Since the immediate CW on Sarah Palin seems to be WTF (inexcusable!), I thought I'd take a look. I know it's not local, but the hairs went up on the back of my neck when I saw the first wave of reaction.
First, start with James Wolcott's rundown of the other main candidates. They sucked. Joe Lieberman and Tom Ridge were the most Serious choices, and they were apparently ixnayed by management (can't remember where I read that, but I'll update when I find it) for being too moderate. Don't know what happened to Eric Cantor.
That leaves as your "strongest" candidates Mitt Romney and Tim Pawlenty. Romney was a one-term governor of Massachusetts. Pawlenty is partway into his second term. Neither has any political experience outside of state or local politics, unless you count being CEO of the Winter Olympics. Neither is/was overwhelmingly popular as governor, although they held their own. Neither is particularly charismatic. I guess you could include Meg Whitman and Carly Fiorina, but the former isn't a politician at all and the latter isn't a politician and was a disaster at HP.
I'll be honest and say that I don't know that much about Palin as governor, so I'll have to outsource immediate opinion to erstwhile Alaskan Dave Noon at the generally left-wing blog Lawyers, Guns, and Money, who vouches for her personal appeal (and it appears she has a gift for political theater), competence, and lack of corruption (heretofore the only famous thing about Alaskan politics, especially their Republicans), and casts a skeptical eye on the nascent Troopergate scandal.
His biggest criticism of her is that she's a radical social conservative (but not so radical that she'll give the middle finger to her state supreme court; more) and ready to drill the fuck out of Alaska for oil, but that's clearly part of her appeal to the McCain campaign. Her choice to carry a child with Downs syndrome to term will carry her a long way with the Christian right, and as far as following one's conscience it's admirable.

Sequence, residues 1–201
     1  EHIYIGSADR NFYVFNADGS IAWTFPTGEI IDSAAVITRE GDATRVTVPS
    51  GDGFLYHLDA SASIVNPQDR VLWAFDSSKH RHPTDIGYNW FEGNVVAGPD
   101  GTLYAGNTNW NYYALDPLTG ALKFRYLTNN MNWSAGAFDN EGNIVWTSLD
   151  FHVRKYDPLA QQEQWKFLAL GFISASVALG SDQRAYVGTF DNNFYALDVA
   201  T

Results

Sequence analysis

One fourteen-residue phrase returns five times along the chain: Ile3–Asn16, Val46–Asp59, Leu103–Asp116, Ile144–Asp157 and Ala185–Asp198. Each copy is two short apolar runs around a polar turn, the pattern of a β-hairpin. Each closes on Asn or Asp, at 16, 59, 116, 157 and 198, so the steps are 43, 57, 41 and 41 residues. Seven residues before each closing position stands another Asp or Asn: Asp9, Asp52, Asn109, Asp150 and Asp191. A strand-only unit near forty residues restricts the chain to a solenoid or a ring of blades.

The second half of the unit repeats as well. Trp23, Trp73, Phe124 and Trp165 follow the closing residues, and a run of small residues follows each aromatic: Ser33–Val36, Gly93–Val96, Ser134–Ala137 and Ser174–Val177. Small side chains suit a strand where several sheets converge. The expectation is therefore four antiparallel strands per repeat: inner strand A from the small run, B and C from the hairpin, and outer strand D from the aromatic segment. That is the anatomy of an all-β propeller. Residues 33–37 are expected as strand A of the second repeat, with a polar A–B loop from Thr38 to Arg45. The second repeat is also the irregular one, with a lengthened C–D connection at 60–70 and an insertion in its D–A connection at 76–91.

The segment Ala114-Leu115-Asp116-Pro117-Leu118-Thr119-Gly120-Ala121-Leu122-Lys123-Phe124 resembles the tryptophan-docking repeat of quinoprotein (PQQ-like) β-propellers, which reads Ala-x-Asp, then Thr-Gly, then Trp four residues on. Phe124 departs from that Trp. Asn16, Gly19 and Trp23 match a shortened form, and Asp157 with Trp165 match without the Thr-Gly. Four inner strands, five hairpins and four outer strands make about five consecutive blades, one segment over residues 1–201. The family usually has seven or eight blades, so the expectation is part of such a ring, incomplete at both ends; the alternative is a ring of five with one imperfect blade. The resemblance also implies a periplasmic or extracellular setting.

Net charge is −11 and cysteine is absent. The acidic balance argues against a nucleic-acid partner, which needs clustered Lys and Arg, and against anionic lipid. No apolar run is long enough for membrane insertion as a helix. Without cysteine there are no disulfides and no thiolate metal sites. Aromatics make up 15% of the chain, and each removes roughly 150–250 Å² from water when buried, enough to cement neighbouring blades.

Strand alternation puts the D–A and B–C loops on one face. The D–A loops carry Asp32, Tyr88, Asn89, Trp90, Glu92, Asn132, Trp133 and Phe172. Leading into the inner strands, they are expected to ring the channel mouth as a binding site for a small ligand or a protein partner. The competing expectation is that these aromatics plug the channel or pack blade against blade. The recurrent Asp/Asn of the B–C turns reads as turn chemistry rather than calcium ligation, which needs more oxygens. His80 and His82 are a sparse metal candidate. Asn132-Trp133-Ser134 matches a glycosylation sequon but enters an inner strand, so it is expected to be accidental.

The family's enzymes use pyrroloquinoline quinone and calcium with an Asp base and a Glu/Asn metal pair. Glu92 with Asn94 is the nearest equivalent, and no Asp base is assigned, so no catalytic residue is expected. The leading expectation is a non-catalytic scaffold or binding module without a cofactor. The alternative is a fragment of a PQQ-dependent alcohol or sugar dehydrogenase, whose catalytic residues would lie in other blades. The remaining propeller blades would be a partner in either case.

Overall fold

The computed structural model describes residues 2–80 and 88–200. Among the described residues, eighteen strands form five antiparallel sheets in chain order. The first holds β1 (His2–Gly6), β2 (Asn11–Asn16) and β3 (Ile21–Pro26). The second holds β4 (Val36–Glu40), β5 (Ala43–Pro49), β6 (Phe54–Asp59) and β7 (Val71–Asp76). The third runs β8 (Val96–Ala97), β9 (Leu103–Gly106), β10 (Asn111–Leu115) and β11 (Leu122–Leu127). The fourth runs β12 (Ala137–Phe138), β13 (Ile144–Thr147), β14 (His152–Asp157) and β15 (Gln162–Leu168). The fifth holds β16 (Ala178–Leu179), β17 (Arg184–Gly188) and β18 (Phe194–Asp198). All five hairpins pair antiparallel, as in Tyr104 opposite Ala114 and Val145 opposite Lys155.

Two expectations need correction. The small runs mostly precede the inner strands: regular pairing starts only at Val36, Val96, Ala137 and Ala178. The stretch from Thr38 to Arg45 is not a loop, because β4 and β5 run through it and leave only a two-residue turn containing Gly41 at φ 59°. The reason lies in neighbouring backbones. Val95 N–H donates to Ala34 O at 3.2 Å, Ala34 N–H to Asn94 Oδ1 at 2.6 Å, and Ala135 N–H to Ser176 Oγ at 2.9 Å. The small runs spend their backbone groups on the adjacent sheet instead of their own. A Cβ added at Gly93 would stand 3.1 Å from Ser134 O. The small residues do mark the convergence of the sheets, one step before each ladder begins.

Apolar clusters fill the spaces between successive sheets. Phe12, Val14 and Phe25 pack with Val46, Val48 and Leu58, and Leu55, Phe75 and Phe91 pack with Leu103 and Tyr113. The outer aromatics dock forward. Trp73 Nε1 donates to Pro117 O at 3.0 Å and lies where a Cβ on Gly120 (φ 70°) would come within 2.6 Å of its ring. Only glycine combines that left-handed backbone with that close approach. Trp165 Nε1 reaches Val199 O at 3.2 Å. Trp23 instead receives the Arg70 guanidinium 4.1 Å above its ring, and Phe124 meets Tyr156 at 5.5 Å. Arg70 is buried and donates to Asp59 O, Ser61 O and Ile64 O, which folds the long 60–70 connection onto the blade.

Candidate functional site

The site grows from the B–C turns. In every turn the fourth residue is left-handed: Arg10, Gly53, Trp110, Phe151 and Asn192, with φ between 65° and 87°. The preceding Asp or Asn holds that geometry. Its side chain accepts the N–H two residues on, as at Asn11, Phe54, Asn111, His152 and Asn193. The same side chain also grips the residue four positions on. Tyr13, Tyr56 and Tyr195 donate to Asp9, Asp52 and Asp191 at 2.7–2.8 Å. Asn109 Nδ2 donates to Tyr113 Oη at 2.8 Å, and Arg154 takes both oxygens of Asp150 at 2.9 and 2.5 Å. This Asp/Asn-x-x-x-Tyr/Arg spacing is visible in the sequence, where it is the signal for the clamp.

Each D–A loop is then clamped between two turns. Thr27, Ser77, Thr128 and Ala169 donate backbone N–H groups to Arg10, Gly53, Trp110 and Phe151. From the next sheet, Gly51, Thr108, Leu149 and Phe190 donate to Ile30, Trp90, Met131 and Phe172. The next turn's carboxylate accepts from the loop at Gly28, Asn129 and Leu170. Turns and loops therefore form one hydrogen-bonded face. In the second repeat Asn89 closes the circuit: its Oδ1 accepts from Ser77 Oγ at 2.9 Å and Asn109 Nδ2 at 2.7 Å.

So, think about it. Lieberman and Ridge are out. Romney has just a couple more years of political experience than Palin, and his foreign policy experience amounts to running for the Republican nomination. Oh, and he's unlikable. Pawlenty is in his second term as governor--a job that Palin might actually be better at--and doesn't seem to have any experience of any kind outside of Minneapolis. Plus there was that bridge collapse.
The NYT's roundup/bio is even more convincing. Is it a good idea? I have no idea. Do I understand the logic? Yes. Will Biden own her in the VP debate? Maybe, but I'm the only person in America who watches that.
Do I think the fact that she's an attractive woman with a nontraditional pedigree and work history from a state no one thinks about has something to do with the fact that Steve Chapman and others are bugging out? Um, yeah, kind of. For the record, the women at Slate's XX factor are highly impressed, including the incomparable Dahlia Lithwick, whose word carries more weight with me than virtually any other political commentator writing today. Am I going to get sick of the acronym VPILF? Yeah, real fucking fast.
YMMV--I'm not the most informed person to be listening to about Palin and am playing catch-up like most of America. Chill, was I think my point.
Update: Shorter Eric Zorn: Alaska's awful tiny. Oh, okay then. Please let us know how big a state you have to be governor of in order to be Vice President.
Update II: Wonkette, both the posts and the comments, is the abyss. Really, really ugly.
Update III: Joan Walsh makes a good point--she's also there to balance out McCain's nonphallus-related weaknesses, which is to say almost everything except foreign policy, not to mention his wealth and presumed detachment from the interests of working-class etc., which the Democrats are hitting pretty hard.
Update V: In the comments, Albert Williams (implicitly) asks--why not Kay Bailey Hutchinson? According to Ezra Klein, because she's pro-choice, which also nixed Ridge, Lieberman, and Jodi Rell.
I'm coming around to the idea that this is a fuck-up, for a number of reasons: he doesn't know her and vice versa, which makes him look incompetent and hasty, and like he doesn't have the balls or autonomy to take a different sort of risk with Lieberman, by accounts his first choice; it'll piss off Pawlenty and Romney, who got took; even if she's cleared in the firing scandal, there's this; and there's the whole bridge to nowhere thing.